Poetics Of Difficulty In Postmodern Poetry

dc.contributor.authorRamesh Sankar, Nandinien_US
dc.contributor.chairGilbert, Roger Stephenen_US
dc.contributor.committeeMemberSchwarz, Anetteen_US
dc.contributor.committeeMemberCuller, Jonathan Dwighten_US
dc.description.abstractThis dissertation explores aspects of difficulty in the work of post-1945 British and American poets. While no unified theory of difficulty is attempted, difficulty is interpreted as part of the poem's ethical and intellectual commitment towards the sociohistorical matrix that harbors it. Chapter 1 undertakes a general overview of the aesthetic and social issues involved in the practice of poetic difficulty. In chapter 2, I examine the work of the American poet John Ashbery. Through readings of The Tennis Court Oath, "The Skaters," and "Self-Portrait in a Convex Mirror," I argue that Ashbery's poetry is uncertain about the ethicality of difficulty, and as a result the difficulty of his poetry performs complex involutions and self-defeating maneuvers in which irony becomes both indispensable and insufficient. In chapter 3, I discuss both the early and late poetry of J.H. Prynne with a special emphasis on the reader's complex relationship with a lateModernist text that demands tremendous amounts of labor. I argue that this relationship can be understood in terms of a version of love that is shaped both by Prynne's explicit theoretical positions and by the reader's own perceptions of loyalty and reward. Chapter 4 takes up the possibility that difficulty in poetry is an outcome of the poet's sense that language is complicit in, and is the prime instrument of, collective acts of violence. I look at J.H. Prynne's "Refuse Collection," which was written in response to the torture in Abu Ghraib prison. I complement this stance towards complicity with a reading of Peter Riley's poetry, which questions the inevitability of complicity and difficulty. In the fifth and final chapter, I take up the possibility advanced by both British and American poets as well as twentieth-century philosophers that poetry is a privileged site of thinking, and that difficulty is an effect and instrument of such thought. I conclude that poetic difficulty might indeed point to a radically different mode of employing and responding to human creativity.en_US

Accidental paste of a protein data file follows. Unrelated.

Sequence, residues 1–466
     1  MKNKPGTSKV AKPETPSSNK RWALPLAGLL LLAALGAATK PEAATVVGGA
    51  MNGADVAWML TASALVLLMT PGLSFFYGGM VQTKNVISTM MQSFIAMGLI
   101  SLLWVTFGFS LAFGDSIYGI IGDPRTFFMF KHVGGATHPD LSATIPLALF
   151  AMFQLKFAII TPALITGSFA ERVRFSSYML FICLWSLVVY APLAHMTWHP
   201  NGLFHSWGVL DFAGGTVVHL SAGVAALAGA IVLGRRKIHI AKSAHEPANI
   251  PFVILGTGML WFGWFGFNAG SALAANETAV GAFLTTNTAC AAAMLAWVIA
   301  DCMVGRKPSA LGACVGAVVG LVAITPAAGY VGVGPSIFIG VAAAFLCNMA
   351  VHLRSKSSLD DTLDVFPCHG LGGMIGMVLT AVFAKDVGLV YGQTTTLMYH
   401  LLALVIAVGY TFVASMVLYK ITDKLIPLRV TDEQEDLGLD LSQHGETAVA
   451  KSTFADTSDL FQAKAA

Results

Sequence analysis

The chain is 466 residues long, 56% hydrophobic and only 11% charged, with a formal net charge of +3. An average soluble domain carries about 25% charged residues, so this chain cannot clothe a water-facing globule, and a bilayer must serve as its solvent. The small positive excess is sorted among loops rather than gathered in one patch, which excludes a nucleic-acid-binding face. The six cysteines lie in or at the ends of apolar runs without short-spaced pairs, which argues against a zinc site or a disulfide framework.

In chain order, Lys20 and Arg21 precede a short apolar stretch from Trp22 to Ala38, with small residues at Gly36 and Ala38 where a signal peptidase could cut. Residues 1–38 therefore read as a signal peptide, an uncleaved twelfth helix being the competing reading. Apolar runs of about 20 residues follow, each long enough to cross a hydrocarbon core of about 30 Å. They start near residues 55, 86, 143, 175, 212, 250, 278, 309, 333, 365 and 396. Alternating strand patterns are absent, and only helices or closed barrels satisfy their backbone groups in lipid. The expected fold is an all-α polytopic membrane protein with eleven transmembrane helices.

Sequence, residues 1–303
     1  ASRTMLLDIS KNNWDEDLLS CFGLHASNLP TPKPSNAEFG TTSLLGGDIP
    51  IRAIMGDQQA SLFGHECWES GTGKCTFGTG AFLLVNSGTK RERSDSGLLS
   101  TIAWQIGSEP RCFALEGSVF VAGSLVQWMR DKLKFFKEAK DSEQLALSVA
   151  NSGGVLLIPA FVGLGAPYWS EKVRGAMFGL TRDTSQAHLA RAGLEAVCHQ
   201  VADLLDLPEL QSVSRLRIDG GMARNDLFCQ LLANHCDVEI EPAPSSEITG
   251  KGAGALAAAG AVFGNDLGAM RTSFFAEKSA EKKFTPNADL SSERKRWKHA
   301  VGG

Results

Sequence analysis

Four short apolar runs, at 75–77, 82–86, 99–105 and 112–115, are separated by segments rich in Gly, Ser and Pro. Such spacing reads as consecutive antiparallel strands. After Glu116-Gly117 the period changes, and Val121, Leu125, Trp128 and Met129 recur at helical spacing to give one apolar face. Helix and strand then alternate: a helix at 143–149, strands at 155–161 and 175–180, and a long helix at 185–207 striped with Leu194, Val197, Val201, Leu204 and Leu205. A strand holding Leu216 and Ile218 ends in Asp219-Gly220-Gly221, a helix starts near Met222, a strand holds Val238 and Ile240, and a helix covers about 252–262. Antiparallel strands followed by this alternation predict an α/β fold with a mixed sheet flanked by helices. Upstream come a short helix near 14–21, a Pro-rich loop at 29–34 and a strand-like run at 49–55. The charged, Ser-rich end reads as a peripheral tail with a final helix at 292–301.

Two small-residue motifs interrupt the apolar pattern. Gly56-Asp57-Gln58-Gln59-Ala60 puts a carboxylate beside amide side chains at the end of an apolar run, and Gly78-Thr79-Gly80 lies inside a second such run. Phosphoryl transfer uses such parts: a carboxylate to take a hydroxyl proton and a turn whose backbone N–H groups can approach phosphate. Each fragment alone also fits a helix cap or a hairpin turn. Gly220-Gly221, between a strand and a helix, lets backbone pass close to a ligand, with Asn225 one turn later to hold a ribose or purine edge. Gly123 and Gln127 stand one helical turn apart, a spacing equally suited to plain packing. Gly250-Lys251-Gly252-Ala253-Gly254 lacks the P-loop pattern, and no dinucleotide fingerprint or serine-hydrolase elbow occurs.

dc.identifier.otherbibid: 7959863
dc.subjectBritish poetryen_US
dc.subjectJ.H. Prynneen_US
dc.subjectAmerican poetryen_US
dc.subjectJohn Ashberyen_US
dc.subjectPeter Rileyen_US
dc.titlePoetics Of Difficulty In Postmodern Poetryen_US
dc.typedissertation or thesisen_US Language and Literature Universityen_US of Philosophy D., English Language and Literature


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